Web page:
Framing the Options
In the study, the authors surveyed 1,342 participants and asked them to evaluate decisions made by hypothetical retirees. The retirees were said to have "made permanent decisions on how to spend a portion of their money in retirement ... each person has some savings and can spend $1,000 each month from social security." Participants were told about the decisions that two such retirees had made and were asked which of the two had made a better choice.
For example, in one comparison, "Mr. Red" made a decision that allowed him to "spend $650 each month for as long as he lives in addition to social security. When he dies, there will be no more payments." He was compared to "Mr. Gray [who] invests $100,000 in an account which earns a 4% interest rate. He can withdraw some or all of the invested money at any time. When he dies, he may leave any remaining money to charity." Given this choice, most participants said Mr. Gray had made the better decision.
However, in another comparison, Mr. Red was the same, but Mr. Gray was described differently. He was able to "choose an amount to spend each month in addition to social security. How long his money lasts depends on how much he spends. If he spends only $400 per month, he has money for as long as he lives. When he dies, he may leave the remainder to charity. If he spends $650 per month, he has money only until age 85. He can spend down faster or slower than each of these options." In this case, most participants said Mr. Red had made the better decision.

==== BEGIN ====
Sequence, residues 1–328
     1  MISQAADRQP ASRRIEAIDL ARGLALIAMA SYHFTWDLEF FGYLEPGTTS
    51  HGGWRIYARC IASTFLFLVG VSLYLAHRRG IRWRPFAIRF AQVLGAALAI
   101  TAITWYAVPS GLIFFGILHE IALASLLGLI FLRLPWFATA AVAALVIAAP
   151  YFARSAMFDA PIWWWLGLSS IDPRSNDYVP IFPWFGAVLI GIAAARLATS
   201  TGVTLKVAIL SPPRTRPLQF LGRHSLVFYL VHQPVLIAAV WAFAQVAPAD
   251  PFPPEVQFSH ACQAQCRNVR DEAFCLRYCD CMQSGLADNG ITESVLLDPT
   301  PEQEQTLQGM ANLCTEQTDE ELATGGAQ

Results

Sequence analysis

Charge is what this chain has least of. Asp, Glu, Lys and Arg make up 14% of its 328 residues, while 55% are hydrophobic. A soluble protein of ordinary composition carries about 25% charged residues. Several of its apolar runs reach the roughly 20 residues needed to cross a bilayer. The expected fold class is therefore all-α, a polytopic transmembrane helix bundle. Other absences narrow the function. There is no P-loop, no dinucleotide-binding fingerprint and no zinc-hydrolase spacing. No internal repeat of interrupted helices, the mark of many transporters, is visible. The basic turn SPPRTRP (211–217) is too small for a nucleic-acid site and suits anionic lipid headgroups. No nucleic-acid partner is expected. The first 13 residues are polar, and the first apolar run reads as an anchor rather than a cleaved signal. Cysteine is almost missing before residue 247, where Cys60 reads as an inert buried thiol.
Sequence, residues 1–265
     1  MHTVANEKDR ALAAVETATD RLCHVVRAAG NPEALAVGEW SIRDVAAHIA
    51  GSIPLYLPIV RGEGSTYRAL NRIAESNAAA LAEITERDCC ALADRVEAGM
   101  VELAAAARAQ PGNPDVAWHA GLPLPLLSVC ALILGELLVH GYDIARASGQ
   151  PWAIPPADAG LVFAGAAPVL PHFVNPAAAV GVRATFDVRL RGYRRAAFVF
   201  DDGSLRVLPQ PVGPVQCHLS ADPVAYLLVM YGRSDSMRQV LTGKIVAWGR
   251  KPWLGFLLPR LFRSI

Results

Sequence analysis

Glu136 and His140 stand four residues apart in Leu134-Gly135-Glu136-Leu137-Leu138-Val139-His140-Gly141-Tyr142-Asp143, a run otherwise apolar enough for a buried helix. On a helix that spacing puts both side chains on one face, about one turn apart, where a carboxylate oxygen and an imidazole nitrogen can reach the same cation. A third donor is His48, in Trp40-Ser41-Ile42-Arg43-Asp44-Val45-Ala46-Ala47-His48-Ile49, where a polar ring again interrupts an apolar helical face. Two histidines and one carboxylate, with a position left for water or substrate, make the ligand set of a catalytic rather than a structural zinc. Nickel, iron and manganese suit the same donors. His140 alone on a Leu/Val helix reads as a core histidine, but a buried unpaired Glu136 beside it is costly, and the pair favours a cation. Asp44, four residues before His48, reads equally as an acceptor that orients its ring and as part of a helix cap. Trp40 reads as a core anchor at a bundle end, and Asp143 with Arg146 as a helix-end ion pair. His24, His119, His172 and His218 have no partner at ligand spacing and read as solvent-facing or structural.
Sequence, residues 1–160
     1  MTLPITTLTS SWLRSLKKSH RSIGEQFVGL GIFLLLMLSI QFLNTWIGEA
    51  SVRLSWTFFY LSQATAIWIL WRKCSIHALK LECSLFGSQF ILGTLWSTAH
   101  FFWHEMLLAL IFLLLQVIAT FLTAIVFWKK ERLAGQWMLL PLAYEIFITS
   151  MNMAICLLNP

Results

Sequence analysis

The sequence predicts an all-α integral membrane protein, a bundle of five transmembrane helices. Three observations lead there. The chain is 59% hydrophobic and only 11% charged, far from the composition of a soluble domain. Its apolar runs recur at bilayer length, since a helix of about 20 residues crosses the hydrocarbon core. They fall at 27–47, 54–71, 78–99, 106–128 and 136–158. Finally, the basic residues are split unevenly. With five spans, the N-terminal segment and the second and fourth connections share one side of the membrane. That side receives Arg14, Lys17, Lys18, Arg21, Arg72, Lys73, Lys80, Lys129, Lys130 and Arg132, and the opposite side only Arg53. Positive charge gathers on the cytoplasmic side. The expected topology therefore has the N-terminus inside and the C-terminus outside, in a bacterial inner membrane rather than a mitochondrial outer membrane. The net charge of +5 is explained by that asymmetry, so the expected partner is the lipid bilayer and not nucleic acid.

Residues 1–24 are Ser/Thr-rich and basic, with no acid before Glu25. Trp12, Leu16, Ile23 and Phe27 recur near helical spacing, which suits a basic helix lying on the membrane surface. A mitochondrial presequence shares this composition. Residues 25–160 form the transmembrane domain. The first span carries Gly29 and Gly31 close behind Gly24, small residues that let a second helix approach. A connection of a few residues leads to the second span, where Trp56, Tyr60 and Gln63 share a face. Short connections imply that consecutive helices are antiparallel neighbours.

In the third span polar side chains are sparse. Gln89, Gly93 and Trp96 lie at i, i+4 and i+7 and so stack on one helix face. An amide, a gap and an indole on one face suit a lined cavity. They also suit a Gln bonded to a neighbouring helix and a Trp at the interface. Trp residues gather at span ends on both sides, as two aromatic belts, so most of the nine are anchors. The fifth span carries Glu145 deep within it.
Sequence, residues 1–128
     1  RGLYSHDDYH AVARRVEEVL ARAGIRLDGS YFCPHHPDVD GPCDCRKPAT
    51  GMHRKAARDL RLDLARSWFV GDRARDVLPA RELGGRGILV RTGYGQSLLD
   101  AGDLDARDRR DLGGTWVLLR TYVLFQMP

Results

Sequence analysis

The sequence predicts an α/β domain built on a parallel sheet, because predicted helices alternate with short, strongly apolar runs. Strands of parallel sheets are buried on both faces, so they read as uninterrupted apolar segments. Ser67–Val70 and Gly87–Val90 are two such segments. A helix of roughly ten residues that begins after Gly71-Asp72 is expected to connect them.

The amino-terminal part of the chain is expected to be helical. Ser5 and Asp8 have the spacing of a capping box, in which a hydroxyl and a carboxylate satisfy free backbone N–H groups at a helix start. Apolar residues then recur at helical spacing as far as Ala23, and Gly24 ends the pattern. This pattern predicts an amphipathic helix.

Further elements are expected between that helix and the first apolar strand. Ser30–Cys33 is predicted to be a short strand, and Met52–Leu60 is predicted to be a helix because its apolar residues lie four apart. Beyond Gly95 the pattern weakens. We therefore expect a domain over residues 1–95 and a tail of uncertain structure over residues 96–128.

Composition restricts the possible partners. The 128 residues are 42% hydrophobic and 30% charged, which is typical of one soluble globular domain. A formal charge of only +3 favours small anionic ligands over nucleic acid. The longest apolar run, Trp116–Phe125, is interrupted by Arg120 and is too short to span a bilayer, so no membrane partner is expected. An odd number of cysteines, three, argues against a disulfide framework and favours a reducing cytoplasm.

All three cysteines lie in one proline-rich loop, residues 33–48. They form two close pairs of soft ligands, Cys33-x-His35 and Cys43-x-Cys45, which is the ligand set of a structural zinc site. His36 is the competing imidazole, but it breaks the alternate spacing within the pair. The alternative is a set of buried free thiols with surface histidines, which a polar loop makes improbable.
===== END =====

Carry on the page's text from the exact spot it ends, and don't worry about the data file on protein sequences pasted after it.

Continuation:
Although described differently, these two cases were mathematically equivalent. In both of them, Mr. Red had a lifetime annuity, and Mr. Gray had a savings account earning 4% interest. When the savings account was characterized as in investment (the first case) it was favored over an annuity. However, when the savings account was characterized in terms of the spending pattern it would foster (the second case), it was disfavored.
The study was well designed in a manner that systematically compared a simple lifetime annuity to several other options, including interest-bearing investments and more complex annuities like the ones insurance companies may pitch to skeptical buyers. In every case, the simple lifetime annuity was logically and mathematically the better choice, but it was favored by the participants only when framed in language that clearly stated how each option would affect the retiree's budget and lifelong spending.
Thus, looking at budgets and spending led to better decisions than looking at investment factors such as interest rates and earnings. Focusing on budgets and spending counteracted people's tendencies, described in the previous post in this series, to over-simplify and to miscalculate risks.
Making a Good Decision
- Consider your future health costs (for the reasons described in the first post). If you have excellent health insurance, such as a strong Medigap policy and long-term care insurance, then a simple annuity may be a reasonable way to smooth and stabilize your retirement income. If not, then you may be wise to set aside a reserve fund before purchasing an annuity.
- Lay out your retirement income and budget without an annuity. Then consider whether purchasing an annuity might improve your lifetime spending. Do this instead of focusing on interest rates, investment returns, or payback periods.